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In mathematics, a morphism is an abstraction of a function or mapping between two spaces. The word can mean different things depending on the type of space in question. In set theory, for example, morphisms are just functions, in group theory they are group homomorphisms, while in topology they are continuous functions. In the context of universal algebra morphisms are generically known as homomorphisms.
The abstract study of morphisms and the spaces (or objects) on which they are defined forms a branch of mathematics called category theory. In category theory, morphisms need not be functions at all and are usually thought as arrows between two different objects (which need not be sets). Rather than mapping elements of one set to another they simply represent some sort of relationship between the domain and codomain.
Despite the abstract nature of morphisms, most people's intuition about them (and indeed much of the terminology) comes from the case of the so-called concrete categories where the objects are simply sets with some additional structure and morphisms are functions preserving this structure.
A category C is given by two pieces of data: a class of objects and, for any two objects X and Y, a set of morphisms from X to Y. Morphisms are often depicted as arrows between those objects, e.g. a morphism f from X to Y is denoted f : X → Y. The set of all morphisms from X to Y is denoted MorC(X,Y) or sometimes HomC(X,Y).
For every three objects X, Y, and Z there exists a binary operation Mor(X,Y) × Mor(Y,Z) → Mor(X,Z) called composition. The composition of f : X → Y and g : Y → Z is written as g O f or gf (Some authors write it as fg). Composition of morphisms is often denoted by means of a commutative diagram. For example,
Morphisms must satisfy two axioms:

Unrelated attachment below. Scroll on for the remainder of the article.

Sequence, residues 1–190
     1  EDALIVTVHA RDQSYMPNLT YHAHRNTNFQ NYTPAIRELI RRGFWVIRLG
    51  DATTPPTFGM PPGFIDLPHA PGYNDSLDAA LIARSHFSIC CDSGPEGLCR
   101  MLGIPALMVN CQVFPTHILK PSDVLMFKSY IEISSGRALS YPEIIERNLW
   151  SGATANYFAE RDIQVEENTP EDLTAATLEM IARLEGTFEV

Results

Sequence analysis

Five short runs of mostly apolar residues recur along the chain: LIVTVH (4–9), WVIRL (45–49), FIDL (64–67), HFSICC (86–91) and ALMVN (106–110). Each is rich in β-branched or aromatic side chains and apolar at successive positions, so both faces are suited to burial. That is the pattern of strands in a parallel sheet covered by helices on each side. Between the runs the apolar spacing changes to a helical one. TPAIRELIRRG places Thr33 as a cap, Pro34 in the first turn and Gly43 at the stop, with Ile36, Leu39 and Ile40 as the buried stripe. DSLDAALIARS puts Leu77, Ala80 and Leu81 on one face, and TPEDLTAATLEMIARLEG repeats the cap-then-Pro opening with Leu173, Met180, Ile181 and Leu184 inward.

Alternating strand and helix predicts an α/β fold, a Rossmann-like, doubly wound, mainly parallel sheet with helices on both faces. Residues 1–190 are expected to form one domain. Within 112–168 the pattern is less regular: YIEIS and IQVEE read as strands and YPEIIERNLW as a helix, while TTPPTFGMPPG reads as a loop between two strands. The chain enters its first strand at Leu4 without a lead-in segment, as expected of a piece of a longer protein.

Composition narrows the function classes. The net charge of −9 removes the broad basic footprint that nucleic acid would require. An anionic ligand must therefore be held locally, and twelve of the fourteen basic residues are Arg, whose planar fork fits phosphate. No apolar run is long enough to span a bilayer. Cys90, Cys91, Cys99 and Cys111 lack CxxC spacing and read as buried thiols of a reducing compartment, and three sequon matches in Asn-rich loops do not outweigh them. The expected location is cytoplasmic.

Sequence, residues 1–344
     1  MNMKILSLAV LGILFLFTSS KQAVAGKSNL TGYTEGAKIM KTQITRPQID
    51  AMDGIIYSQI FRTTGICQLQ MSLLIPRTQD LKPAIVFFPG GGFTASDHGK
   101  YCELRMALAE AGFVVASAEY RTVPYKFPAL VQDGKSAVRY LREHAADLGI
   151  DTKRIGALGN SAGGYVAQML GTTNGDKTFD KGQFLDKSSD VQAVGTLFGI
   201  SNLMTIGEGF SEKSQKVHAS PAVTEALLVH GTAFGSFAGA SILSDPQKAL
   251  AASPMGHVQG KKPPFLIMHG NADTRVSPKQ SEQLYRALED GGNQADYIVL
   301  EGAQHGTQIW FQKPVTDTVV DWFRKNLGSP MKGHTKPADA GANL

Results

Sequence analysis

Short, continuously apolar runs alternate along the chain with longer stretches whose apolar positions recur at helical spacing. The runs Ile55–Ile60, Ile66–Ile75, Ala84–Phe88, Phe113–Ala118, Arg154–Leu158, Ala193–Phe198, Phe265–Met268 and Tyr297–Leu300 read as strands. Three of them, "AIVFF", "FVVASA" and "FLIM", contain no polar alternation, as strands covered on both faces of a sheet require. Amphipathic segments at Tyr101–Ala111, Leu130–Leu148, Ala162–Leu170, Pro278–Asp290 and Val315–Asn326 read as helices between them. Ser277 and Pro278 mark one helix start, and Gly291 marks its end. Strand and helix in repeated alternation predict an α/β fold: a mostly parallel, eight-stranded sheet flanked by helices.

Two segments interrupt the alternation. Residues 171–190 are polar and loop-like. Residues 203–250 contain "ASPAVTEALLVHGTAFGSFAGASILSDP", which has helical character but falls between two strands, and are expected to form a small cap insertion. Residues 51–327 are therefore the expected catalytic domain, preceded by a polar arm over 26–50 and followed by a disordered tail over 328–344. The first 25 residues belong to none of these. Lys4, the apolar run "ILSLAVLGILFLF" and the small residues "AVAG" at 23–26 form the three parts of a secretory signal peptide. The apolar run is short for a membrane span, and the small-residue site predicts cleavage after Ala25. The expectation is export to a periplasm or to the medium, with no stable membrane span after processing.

- IDENTITY: for every object X there exists a morphism idX : X → X called the identity morphism on X, such that for every morphism f : A → B we have idB O f = f = f O idA
- ASSOCIATIVITY: h O (g O f) = (h O g) O f whenever the operations are defined.
When C is a concrete category, composition is just ordinary composition of functions, the identity morphism is just the identity function, and associativity is automatic (functional composition is associative by definition).
There are two operations defined on every morphism, the domain (or source) which assigns the morphism f : X → Y the object X:
- dom(f) = X,
and the codomain (or target) which assigns the morphism f : X → Y the object Y:
- cod(f) = Y.
Types of morphisms
- Let f : X → Y be a morphism. If there exists a morphism g : Y → X such that f O g = idY and g O f = idX then f is called an isomorphism and g is said to be an inverse morphism of f. Inverse morphisms, if they exist, are unique. It is easy to see that g is also an isomorphism with inverse f. Two objects with an isomorphism between them are said to be isomorphic or equivalent. Isomorphisms are the most important kinds of morphisms in category theory.
- A morphism f : X → Y is called an epimorphism if g1 O f = g2 O f implies g1 = g2 for all morphisms g1, g2 : Y → Z. It is also called an epi or an epic. Epimorphisms in concrete categories are typically surjective morphisms.
- A morphism f : X → Y is called an monomorphism if f O g1 = f O g2 implies g1 = g2 for all morphisms g1, g2 : Z → X. It is also called a mono or a monic. Monomorphisms in concrete categories are typically injective morphisms.
- If f is both an epimorphism and a monomorphism then f is called a bimorphism. Note that every isomorphism is bimorphism but, in general, not every bimorphism is an isomorphism.
- Any morphism f : X → X is called an endomorphism of X.
- An endomorphism that is also an isomorphism is called an automorphism.
- If f : X → Y and g : Y → X satisfy f O g = idY one can show that f is epic and g is monic and that g O f : X → X is idempotent. In this case f and g are said to be split. f is called a retraction of g and g is called a section of f. Any morphism that is both an epimorphism and a split monomorphism, or both a monomorphism and a split epimorphism, must be an isomorphism.
- In the concrete categories studied in universal algebra (such as those of groups, rings, modules, etc.), morphisms are called homomorphisms. The terms isomorphism, epimorphism, monomorphism, endomorphism, and automorphism are all used in that specialized context as well.
- In the category of topological spaces, morphisms are continuous functions and isomorphisms are called homeomorphisms.
- In the category of smooth manifolds, morphisms are smooth functions and isomorphisms are called diffeomorphisms.
For more examples see the article on category theory.
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